A policeman in Lake Worth, Florida, alerted Slapnicka – the man who discovered Bob Feller – about the fireballing southpaw. He was signed to a contract at the age of 19 – with a $60,000 bonus. While the Indians won 111 games and the American League pennant in 1954, Score was mowing down batters at Triple-A Indianapolis on the way to being named the minor league player of the year, with a record of 22-5 and 350 strikeouts.
And big things were expected of him even when he went to his first Indians spring training in 1955. He was tabbed by the Sporting News – the “Bible of Baseball” – as a Rookie of the Year candidate. And he delivered on that prediction, going 16-10 and leading the league with 245 strikeouts – the most by a rookie in 44 years, and a rookie record that stood until Dwight Gooden shattered it in 1984. Indians manager Al Lopez named Score to that year’s American League All-Star team.
The end of April has been a notably busy time for no-hitters in Cleveland Indians history. Did The Tribe Win Last Night looks back at the second time Bob Feller achieved this milestone of pitching history in 1946 in a story originally published by Bob Toth on April 30, 2016. – BT
Indians Hall of Fame hurler Bob Feller stunned the New York Yankees at home by throwing his second of three career no-hitters on April 30, 1946.
It was a remarkable feat for Feller, who added his name alongside Addie Joss as the only members of the Cleveland franchise to ever throw two hitless outings in their careers. He would later take that crown all for his own when he threw his third and final no-hitter on July 1, 1951, against the Detroit Tigers, adding it to the first he threw in his career with his memorable Opening Day no-hitter on April 16, 1940 (still the only such game thrown in MLB history).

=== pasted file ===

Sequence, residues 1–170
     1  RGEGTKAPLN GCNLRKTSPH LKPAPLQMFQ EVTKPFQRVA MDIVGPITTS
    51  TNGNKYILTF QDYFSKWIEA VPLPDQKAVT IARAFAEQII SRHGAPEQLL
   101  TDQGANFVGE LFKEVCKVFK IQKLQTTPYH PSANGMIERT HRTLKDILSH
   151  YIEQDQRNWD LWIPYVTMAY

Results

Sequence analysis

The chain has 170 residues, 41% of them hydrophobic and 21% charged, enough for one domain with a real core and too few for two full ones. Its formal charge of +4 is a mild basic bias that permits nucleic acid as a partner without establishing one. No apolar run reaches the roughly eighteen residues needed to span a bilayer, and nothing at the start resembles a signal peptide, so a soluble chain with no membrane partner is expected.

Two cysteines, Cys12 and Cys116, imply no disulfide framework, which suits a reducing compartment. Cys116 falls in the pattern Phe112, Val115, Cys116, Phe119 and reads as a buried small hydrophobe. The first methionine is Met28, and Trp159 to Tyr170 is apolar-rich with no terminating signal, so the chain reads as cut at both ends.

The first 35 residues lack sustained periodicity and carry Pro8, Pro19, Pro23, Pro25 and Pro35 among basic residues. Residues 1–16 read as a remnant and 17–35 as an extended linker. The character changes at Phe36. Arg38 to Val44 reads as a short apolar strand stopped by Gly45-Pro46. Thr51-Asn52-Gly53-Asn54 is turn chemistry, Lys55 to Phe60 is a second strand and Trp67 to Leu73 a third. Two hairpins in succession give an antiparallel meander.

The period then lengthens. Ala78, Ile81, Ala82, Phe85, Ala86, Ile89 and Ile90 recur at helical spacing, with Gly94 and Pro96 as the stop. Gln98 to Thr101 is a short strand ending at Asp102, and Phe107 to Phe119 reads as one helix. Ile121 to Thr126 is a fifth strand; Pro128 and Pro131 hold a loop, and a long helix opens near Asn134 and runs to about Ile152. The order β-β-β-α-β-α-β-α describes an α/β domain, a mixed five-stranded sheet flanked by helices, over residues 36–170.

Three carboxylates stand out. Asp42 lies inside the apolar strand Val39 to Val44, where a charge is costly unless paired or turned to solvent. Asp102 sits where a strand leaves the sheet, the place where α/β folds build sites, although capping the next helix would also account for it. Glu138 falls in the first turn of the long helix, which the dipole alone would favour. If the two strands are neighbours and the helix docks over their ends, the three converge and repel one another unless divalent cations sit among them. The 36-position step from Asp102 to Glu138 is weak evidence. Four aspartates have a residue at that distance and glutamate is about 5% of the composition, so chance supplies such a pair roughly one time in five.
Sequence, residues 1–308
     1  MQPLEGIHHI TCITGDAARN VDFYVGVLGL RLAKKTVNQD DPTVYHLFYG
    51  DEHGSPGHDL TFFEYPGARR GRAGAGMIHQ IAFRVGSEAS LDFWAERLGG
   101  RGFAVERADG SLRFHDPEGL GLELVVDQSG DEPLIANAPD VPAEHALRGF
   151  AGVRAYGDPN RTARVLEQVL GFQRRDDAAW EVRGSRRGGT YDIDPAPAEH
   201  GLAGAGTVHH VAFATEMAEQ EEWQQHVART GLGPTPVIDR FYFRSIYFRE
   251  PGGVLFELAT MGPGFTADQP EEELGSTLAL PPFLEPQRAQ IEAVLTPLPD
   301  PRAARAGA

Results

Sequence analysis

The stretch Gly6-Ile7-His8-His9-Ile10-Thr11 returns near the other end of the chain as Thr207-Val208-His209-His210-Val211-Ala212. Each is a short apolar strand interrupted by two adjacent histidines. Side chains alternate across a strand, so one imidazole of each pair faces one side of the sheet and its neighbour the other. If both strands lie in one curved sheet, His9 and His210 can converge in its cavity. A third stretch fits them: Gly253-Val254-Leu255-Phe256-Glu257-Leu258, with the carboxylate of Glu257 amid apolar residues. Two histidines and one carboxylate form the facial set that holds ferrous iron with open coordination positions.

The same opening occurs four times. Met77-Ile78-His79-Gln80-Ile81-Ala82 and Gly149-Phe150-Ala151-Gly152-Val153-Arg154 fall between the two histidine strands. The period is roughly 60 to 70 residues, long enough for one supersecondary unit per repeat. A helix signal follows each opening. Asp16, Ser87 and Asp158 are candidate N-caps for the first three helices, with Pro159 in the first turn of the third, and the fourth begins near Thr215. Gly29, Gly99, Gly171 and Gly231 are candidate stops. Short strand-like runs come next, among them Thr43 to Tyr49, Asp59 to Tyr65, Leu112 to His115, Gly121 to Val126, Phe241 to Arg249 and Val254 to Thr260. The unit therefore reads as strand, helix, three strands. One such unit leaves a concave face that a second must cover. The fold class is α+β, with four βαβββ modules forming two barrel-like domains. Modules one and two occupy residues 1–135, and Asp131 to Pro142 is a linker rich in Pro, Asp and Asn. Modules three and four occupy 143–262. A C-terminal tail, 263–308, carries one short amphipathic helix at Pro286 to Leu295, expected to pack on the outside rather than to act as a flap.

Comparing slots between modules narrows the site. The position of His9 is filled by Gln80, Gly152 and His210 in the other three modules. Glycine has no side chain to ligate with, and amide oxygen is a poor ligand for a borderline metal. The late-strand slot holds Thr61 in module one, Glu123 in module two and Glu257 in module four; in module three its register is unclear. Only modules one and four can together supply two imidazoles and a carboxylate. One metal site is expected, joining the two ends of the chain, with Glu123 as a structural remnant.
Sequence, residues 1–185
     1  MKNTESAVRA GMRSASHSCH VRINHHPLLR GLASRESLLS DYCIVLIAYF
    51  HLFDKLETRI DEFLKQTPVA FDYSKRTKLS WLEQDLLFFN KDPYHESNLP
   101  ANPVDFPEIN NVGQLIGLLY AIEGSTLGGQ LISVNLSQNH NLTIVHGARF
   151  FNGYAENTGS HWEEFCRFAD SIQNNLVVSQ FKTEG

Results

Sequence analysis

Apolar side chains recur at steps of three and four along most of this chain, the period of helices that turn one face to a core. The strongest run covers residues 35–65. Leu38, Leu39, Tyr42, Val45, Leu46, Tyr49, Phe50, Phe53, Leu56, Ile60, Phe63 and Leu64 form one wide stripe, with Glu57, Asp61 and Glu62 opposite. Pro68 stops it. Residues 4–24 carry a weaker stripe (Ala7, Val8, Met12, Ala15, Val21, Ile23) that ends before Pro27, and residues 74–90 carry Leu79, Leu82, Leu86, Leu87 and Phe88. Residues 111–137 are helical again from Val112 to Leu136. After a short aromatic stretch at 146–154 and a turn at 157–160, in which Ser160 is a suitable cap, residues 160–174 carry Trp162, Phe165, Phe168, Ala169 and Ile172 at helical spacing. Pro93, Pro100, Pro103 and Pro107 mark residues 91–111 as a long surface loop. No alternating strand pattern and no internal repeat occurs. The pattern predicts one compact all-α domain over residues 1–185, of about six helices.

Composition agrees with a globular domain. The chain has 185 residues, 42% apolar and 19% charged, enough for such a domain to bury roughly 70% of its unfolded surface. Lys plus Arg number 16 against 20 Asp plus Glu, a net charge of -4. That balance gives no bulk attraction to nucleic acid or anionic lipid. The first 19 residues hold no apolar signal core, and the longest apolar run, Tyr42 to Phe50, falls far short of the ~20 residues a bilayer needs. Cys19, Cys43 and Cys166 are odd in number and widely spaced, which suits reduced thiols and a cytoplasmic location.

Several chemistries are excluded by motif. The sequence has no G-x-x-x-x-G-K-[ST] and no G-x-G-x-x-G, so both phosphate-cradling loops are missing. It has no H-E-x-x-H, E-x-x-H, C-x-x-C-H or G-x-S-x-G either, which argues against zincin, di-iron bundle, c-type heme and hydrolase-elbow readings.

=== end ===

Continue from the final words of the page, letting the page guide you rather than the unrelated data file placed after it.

Most pitchers aren’t even lucky enough to claim one no-hitter, so the notion that Feller had multiple to compare just lays credence to his abilities as a pitcher and his well-deserved spot among the baseball immortals in Cooperstown, New York.
One of the forgotten gems in Indians’ history was thrown 81 years ago this week as Wes Ferrell blanked the St. Louis Browns and his brother, 9-0. Did The Tribe Win Last Night shares its account of that game through the eyes of Vince Guerrieri in a story originally published on April 27, 2016. – BT
When a crowd of around 4,000 settled into their seats at League Park on April 29, 1931, they couldn’t have expected to see a little bit of history in that day’s game between the Indians and the St. Louis Browns. But they did see it – and not without controversy either.
Cleveland News sportswriter Ed Bang knew history was at hand. Syndicated sportswriter William Braucher told a tale from the press box that Bang – also the official scorer for the Indians – told a St. Louis sportswriter that he was going to see a no-hitter that day.